Technological disruption is affecting nearly every industry right now, impacting revenues and consumer behavior and leading to massive changes in companies’ business models.
In fact, digital transformation is shocking both companies and industries alike.
Because Michael Management is in the SAP training industry, we decided to do our own case study about how technological disruption is affecting learning, which, of course, includes SAP training courses.
After much research, we think Steve Bandrowczak, the COO of Xerox Corporation, said it best in a recent CIO Dive article: “Industries don’t even know they [are] being disrupted.”
This is why continuous learning, across all industries, is more important than ever before, and also why executives across industries are in agreement it’s no longer optional.
To demonstrate, we made a list of the top 5 ways technological disruption is affecting learning. Here’s what we found.
Technology has (finally) taken the reins in learning, leading to a better overall experience for teachers, students, and staff members alike.
This (luckily) goes against the long-standing notion that education is slow to change. In reality, the education industry has also been affected by technological disruption, which means both more learning opportunities and increased competition for companies in the space.
This is, in large part, the result of e-learning and loss of a physical barrier. Simply put, geographical location is no longer a hindrance to what teachers and learners have access to.
Young people are foregoing typical lengthy and expensive college degrees in favor of faster, more practical online degrees and certifications. In fact, seventy-five percent of Generation Z think that there are ways of getting a good education besides going to college, according to an article by Inc.com.
“More than a third of college students are over the age of 25, and an increasing number are learning virtually, forgoing the campus experience altogether. Nearly three million students are enrolled exclusively in online courses, while another three million are taking at least one online class,” Northeastern University said on its website.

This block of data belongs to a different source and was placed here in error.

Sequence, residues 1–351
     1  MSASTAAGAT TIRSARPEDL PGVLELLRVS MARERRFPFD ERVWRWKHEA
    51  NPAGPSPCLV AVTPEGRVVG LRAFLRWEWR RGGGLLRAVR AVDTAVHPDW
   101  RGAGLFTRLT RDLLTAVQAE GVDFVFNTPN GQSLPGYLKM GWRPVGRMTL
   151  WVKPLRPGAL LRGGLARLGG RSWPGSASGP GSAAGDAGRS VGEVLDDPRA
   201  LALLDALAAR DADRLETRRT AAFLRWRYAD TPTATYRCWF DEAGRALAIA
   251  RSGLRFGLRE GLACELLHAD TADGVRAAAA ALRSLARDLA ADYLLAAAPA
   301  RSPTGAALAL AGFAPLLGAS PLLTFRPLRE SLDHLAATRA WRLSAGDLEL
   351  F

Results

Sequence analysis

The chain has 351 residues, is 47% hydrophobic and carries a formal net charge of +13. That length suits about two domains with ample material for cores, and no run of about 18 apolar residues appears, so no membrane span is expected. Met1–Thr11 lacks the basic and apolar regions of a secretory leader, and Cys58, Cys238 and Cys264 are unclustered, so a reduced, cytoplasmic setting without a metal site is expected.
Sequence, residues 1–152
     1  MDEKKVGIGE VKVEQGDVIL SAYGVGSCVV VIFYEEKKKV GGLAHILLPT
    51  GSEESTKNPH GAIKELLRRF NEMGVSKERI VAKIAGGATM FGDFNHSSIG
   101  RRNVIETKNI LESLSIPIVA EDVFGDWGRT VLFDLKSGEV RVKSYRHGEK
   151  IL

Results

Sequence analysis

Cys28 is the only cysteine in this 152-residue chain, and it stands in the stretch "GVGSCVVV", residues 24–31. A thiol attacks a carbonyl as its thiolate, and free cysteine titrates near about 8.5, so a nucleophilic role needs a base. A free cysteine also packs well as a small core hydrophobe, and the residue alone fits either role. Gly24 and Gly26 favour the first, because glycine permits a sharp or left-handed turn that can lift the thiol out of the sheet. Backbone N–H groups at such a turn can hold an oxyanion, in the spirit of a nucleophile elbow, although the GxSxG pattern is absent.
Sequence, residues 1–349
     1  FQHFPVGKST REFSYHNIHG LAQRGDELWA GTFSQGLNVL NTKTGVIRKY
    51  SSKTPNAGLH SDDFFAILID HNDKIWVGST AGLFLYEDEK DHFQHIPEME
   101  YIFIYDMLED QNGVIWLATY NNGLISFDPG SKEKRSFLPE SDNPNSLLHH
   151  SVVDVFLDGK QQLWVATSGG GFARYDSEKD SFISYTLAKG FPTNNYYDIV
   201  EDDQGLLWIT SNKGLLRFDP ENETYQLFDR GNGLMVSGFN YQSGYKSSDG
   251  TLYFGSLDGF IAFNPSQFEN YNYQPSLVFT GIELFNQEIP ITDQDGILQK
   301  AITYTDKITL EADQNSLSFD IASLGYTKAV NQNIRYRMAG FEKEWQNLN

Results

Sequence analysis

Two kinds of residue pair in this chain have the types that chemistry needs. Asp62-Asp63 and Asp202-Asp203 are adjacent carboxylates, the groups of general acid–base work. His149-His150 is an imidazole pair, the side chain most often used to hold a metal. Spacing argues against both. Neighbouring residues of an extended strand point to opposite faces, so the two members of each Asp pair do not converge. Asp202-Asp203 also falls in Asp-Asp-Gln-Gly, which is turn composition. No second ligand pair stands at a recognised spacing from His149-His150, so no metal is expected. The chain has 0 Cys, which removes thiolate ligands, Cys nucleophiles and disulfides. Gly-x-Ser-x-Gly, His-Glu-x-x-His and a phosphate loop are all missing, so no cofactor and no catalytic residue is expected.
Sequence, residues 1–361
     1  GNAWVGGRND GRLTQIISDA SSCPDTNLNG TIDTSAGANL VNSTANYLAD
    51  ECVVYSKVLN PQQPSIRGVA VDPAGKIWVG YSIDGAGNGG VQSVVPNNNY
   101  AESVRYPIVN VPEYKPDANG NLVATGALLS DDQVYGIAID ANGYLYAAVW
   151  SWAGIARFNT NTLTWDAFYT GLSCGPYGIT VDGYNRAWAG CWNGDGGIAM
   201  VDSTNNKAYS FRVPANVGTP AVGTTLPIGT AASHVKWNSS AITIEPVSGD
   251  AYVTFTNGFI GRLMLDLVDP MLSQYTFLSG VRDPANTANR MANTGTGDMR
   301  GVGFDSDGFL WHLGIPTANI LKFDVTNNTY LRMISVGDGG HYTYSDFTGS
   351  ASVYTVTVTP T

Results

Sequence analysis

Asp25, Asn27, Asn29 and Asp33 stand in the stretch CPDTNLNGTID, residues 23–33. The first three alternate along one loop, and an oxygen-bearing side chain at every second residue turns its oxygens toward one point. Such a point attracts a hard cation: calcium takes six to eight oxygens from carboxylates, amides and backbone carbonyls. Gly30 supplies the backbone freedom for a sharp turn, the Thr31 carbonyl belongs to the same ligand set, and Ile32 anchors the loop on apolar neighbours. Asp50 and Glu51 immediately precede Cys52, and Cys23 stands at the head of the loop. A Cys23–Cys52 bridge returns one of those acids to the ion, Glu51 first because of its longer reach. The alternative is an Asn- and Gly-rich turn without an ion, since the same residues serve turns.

Colleges and universities are reaching underserved markets, virtually, by bringing the learning experience directly to the learner.
Virtual lessons mean that even if a teacher can’t get to their classroom, students don’t miss out on getting their educations. Bad weather or health problems do not affect either students’ or teachers’ ability to be a part of class. In fact, to digital-savvy learners, the digital world is simply a part of who they are.
They want extremely flexible, highly-personalized educations that can be where they are. And why not, particularly when this “flipped model of the classroom” can actually improve comprehensibility and retention of information.
The ability to view past and present lectures on-demand means learners are able to focus on their problem-solving and critical thinking abilities instead of their slide-reading ones.
Connected classrooms (that go beyond having a video projector) allow professors to send out quizzes in real-time and engage their learners through “gamification”, which is proving to be a very helpful part of learning.
These strategies engage students in both e-classrooms and regular classrooms and turn boring subjects into more memorable ones.
Technology is also helping to bridge the gap between education and actual employment, giving learners more tools than ever before to connect with businesses looking for (cheaper?) prospects.